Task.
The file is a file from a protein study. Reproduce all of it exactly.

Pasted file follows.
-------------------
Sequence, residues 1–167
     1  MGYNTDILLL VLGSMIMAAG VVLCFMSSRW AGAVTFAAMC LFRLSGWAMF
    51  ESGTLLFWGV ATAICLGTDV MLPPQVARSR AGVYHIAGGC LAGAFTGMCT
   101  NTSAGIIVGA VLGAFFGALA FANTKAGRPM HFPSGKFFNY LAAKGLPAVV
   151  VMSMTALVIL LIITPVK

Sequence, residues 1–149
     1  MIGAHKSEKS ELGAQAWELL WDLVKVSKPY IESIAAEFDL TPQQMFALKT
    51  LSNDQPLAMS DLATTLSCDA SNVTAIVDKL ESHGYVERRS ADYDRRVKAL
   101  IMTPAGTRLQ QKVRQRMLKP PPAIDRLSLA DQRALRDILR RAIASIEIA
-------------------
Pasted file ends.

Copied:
Sequence, residues 1–167
     1  MGYNTDILLL VLGSMIMAAG VVLCFMSSRW AGAVTFAAMC LFRLSGWAMF
    51  ESGTLLFWGV ATAICLGTDV MLPPQVARSR AGVYHIAGGC LAGAFTGMCT
   101  NTSAGIIVGA VLGAFFGALA FANTKAGRPM HFPSGKFFNY LAAKGLPAVV
   151  VMSMTALVIL LIITPVK

Sequence, residues 1–149
     1  MIGAHKSEKS ELGAQAWELL WDLVKVSKPY IESIAAEFDL TPQQMFALKT
    51  LSNDQPLAMS DLATTLSCDA SNVTAIVDKL ESHGYVERRS ADYDRRVKAL
   101  IMTPAGTRLQ QKVRQRMLKP PPAIDRLSLA DQRALRDILR RAIASIEIA